Food allergies are often diagnosed using an elimination diet. A food trial consists of feeding your pet strictly one singular source of protein and carbohydrate for 12 weeks.

Veterinary Cytology – the ‘Gold Standard’ Test

Cytology involves examination of  the cells  from the affected area of the skin under a microscope.

Sampled fluid/ tissue from a patient is smeared onto a slide and stained. This is then examined for the number of cells on the slide, what types of cells they are, how they are grouped together and what the cell details are (shape, size, nucleus etc).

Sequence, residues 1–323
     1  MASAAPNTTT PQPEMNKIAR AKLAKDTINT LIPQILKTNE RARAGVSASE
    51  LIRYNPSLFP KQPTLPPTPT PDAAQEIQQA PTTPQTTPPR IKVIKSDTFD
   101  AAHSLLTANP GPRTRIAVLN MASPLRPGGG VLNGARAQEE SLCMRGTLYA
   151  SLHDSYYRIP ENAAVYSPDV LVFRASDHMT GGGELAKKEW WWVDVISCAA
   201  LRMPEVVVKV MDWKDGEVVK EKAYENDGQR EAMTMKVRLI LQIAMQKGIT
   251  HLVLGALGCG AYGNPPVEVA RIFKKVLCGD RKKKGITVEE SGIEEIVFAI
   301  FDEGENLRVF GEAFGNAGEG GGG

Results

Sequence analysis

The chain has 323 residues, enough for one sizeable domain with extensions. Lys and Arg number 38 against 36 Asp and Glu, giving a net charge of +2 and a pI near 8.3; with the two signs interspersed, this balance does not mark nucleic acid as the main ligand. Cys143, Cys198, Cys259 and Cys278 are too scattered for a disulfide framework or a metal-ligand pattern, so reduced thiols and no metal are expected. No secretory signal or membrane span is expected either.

Fortunately, at Clyde Veterinary Hospital, we are equipped with the necessary tools for performing cytological exams right here on-site, allowing for the speediest possible diagnosis of your pet’s skin infection.

That’s why, as part of our Oct/Nov special allergies promotion, we are offering FREE cytology exams with any consultation (valued at up to $40).

Combine that with a discount of $20/bag off any necessary Hills Prescription (while stocks last), and Clyde Veterinary Hospital is the City of Casey’s #1 choice for the detection and management of allergic conditions in pets.

CLICK HERE to book online, or phone the clinic directly on 9052 3200 to have your pet’s condition seen to today.

dog cat skin allergies special promotions clyde veterinary


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The key to managing gum or tooth disease, whether in dogs, cats or humans is prevention.